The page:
In Part 01 of our New Year Meeting coverage we concentrated on sports cars and coupes from the 1960s. However, there were many fine four-doors from that era as well, and as the two-doors rise in price the once neglected sedans are gaining in popularity.
No era changed Japan more than the 1960s. At the beginning of the decade most cars were spartan and mechanically simple. Even larger sedans like the full-size Nissan Cedric were pretty conservative in design. Even so, these sedans were still very popular during the mass mobilization that occurred during the Showa Era.
Today, the Cedric Friends Association remains fairly strong, At the show, they exhibited five variations of the first-gen Cedric, including Deluxe and Custom sedans, an eight-seater Estate Wagon equipped with a third row, and a Van for commercial use sharing the wagon body. Of course, because these cars were so emblematic of the Showa Era, there was also on display a blue Sato-chan, the Sato Pharmaceuticals elephant mascot that was commonly seen outside drug stores back in the day.
Since cars of that era offered little in performance value, most owners today elect to keep them stock. Cars like this T20 Toyota Corona serve as reminders of what transportation was like at the dawn of Japan’s part war boom.
By the middle part of the decade, though performance still wasn’t a priority, cars had begun to look more stylish. The Toyota Crown evolved into a sleek sedan that is still a favorite of those seeking a dapper cruiser.
It wasn’t until the late 1960s that more performance-oriented cars began to appear, thanks in large part to the proliferation of Japanese motorsports in the middle part of the decade. Prince and Nissan Skylines were a central part of the movement, and became favorites for tuners.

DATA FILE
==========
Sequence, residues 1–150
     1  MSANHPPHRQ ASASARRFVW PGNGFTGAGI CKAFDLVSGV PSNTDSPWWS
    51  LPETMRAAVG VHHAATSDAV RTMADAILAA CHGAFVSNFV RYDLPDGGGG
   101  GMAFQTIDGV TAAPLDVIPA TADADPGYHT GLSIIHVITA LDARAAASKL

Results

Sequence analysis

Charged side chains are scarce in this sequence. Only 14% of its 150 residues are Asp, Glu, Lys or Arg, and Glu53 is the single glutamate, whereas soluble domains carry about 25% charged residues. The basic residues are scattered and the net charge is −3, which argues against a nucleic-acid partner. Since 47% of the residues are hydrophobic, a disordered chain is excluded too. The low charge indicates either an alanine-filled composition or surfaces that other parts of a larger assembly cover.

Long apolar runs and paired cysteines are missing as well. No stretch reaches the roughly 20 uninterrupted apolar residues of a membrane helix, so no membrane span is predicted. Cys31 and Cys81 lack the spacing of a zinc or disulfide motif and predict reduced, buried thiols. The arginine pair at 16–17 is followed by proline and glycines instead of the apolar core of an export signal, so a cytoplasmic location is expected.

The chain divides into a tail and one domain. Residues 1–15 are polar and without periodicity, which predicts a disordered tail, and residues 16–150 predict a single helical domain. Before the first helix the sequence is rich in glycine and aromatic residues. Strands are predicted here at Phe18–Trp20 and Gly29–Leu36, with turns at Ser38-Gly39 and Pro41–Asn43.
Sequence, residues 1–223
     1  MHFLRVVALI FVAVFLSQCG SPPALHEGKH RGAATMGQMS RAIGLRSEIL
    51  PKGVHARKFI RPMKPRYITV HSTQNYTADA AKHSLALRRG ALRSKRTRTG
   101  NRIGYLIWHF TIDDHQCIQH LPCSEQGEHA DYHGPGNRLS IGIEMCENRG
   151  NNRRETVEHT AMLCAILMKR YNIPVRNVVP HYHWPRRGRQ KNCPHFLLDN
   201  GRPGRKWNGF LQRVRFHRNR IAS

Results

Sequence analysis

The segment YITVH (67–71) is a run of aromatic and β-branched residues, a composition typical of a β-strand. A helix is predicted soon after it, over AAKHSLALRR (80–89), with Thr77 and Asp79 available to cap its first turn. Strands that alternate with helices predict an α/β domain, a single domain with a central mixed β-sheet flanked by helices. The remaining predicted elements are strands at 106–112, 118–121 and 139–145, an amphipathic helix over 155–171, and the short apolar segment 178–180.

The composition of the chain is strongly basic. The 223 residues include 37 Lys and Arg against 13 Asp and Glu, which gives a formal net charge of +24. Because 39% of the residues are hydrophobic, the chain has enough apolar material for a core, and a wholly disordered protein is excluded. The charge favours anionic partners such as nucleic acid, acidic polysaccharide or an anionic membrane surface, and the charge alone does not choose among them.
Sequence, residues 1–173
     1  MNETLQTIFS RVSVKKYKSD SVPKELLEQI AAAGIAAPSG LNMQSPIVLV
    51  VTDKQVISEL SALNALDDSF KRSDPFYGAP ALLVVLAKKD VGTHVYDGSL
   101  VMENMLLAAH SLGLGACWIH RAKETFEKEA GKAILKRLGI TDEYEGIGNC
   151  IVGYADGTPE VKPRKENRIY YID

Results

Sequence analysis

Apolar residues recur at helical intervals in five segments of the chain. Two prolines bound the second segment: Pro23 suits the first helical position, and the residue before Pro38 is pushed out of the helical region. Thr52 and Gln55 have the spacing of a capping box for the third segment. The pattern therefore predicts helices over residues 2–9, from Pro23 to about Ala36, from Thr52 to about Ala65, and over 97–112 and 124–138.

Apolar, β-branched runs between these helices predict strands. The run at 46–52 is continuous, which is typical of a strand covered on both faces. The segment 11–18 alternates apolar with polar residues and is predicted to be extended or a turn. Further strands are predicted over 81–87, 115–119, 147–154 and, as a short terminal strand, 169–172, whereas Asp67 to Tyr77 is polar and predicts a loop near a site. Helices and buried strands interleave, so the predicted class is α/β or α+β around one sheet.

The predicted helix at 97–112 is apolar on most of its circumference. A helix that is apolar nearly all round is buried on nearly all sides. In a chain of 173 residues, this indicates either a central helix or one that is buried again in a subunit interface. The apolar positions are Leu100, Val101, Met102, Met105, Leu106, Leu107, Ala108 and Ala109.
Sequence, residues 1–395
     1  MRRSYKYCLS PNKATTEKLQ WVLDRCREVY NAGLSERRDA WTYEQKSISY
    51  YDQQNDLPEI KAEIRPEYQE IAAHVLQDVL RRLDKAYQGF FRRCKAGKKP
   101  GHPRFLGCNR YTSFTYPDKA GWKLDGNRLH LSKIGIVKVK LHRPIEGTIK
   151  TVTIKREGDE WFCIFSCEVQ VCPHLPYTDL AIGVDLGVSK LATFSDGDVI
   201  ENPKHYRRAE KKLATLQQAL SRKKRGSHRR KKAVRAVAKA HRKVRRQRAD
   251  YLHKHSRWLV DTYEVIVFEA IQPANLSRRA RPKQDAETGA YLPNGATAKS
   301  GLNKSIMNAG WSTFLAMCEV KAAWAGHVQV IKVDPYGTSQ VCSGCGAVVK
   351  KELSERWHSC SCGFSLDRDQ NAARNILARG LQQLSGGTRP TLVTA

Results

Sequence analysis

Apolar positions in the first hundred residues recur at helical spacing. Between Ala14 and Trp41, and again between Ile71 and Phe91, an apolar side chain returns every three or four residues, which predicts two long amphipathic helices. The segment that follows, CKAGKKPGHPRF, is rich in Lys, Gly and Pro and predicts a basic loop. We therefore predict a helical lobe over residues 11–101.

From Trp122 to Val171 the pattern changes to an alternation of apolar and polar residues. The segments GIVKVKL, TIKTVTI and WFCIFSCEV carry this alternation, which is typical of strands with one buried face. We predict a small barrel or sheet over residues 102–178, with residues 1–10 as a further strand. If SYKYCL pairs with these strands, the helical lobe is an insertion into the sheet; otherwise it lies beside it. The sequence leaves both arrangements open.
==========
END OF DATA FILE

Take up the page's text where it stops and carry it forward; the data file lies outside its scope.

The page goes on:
It’s easy to think nowadays that everything back in the day was on Watanabes, but before the late-70s explosion of made-in-Japan wheels, in the earlier part of the decade widened steelies, accessorized steel wheels, and Japan-made aluminum wheels like Carman, Enkei, or Zona were popular.
If you really had the cash or were more worldy, you outfitted your ride with European-made items like Cibie, Momo, Marchal, Fiamm, and so on. In particular, British Cosmic, Italian Cromodora or Campagnolo wheels were the way to go. The Campagnolos or “Campys” were the most popular, especially the Dino GTS-style wheels as seen on this Skyline GT and 510 Bluebird. In fact, they were so fashionable that when the kouki C210 Skyline debuted there was a special Campagnolo model with these wheels fitted as standard.
Those seeking a more American style went with the many slot mag or Cragar SS-style wheels, like the ones on this Cedric. This mid-60s style of sedan, along with the Crown, became fashionable to mod with American touches in the 1970s.
Heavily influenced by the motorsport trends and exploits of the day, Japan eventually developed a style of its own, the shakotan look that is en vogue today. This Hakosuka GT-R is very proper, but back in the day if you were to run Hayashis they would tend to be skinnier with taller tires. To get this look, you would run racing slicks and rain tires, like the Dunlop CR88.
Early motorsport exploits in Japan were done with 4-door sedans, hence many were also modified for street fighting duty. In addition to the ubiquitous Nissan and Toyota sedans, in the 60s Isuzu Belletts were everywhere. A car like this would have been a very tidy runabout then, updated to gold Enkeis in the 70s.
These days, the cars of the late 1960s adopt many styles. Even with modern diameter wheels and low-profile rubber, they can still look good.
Ultimately, it’s the style of the late-70s, honed and perfected in the 80s, that has become the de facto Japanese look today. But the New Year Meeting is always a good opportunity to study the various styles and trends that have been lost to time.
To be continued…
We’ll have more New Year Meeting coverage coming up. In the meantime, in case you missed it, here’s Part 01 — Sixties Specials. Also, check out coverage from the 2017 2016, 2015, 2013, 2012, 2011, 2010 and 2009 New Year Meetings.